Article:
Two dozen recently graduated Cambodian specialised doctors who obtained their degrees abroad are contesting the Ministry of Health’s decision to bar them from working as full-time government employees on the grounds that their degrees are not equivalent to domestic medical degrees.
Sreng Houng, who said he received his ophthalmologist degree in Vietnam, yesterday asked Prime Minister Hun Sen on his Facebook page to intervene. In his post, Houng said the 24 students had received scholarships from the Ministry of Education 10 years ago to pursue medical degrees in various countries, such as Vietnam, China, Malaysia and the US, and had obtained specialisations including gynaecology, oncology and surgery.
“We are very . . . disappointed,” he said. “We have struggled and have overcome many tests . . . and we have spent 10 years of studies.”
Hun Sen replied to Houng’s post by saying he had forwarded the request to Health Minister Mam Bunheng for review, but hours later, the response was deleted.
While the students were educated abroad, the quality of Cambodian-trained health professionals is very much a subject of debate, and Cambodian doctors’ skills and ethics have come under repeated fire in recent months.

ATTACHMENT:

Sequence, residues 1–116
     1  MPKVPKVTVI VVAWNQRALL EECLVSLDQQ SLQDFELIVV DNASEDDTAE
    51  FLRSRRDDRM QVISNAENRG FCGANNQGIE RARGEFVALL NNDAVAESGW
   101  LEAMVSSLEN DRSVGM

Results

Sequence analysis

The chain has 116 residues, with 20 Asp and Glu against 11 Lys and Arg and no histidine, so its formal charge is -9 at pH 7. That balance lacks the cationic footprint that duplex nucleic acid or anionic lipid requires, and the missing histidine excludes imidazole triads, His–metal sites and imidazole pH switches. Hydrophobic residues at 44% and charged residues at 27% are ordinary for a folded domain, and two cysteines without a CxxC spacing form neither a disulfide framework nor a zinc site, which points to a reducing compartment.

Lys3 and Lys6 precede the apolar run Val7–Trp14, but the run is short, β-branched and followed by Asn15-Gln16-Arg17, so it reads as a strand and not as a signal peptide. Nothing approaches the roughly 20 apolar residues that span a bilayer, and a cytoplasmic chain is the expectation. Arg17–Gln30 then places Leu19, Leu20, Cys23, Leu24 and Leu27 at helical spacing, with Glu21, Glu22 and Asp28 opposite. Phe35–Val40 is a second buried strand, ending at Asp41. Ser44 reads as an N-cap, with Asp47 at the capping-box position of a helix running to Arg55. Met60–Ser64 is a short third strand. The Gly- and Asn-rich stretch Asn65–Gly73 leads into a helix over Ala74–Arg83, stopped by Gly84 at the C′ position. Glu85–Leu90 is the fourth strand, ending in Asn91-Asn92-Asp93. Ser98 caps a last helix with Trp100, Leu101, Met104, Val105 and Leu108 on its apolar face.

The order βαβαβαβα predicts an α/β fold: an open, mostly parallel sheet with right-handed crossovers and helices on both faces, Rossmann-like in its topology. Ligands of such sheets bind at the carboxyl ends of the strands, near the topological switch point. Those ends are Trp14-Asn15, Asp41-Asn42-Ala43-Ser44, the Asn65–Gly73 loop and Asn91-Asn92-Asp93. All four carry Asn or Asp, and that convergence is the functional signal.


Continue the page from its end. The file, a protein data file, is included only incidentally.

Cambodian-American doctor Mengly Quach – himself a vocal critic of the Kingdom’s health-care sector – yesterday questioned why the government would have sent the students abroad if it wouldn’t later accept their degrees. While he acknowledged that testing applicants’ abilities was important, he also noted that Cambodia has an “extreme shortage of health providers”.
Chheng Kannarath, deputy secretary-general at the Medical Council of Cambodia, said Cambodian students who graduate overseas are required to submit a diploma to the Ministry of Education or the Ministry of Health to assess its equivalency.
Health Minister Bunheng didn’t respond to requests for comment as to whether the applicants’ degrees had been assessed, and ministry spokesman Ly Sovann would only say that the ministry “recruits all health professionals who fulfil the degree because health is a business that needs real skills”.
Houng claims the ministry on August 1 said their degrees were not equivalent because they had not been educated based on the French system.
Mengly, however, said it would be “very out of line” if students had been told that because medical education is a “universal language”.
Additional reporting by Yesenia Amaro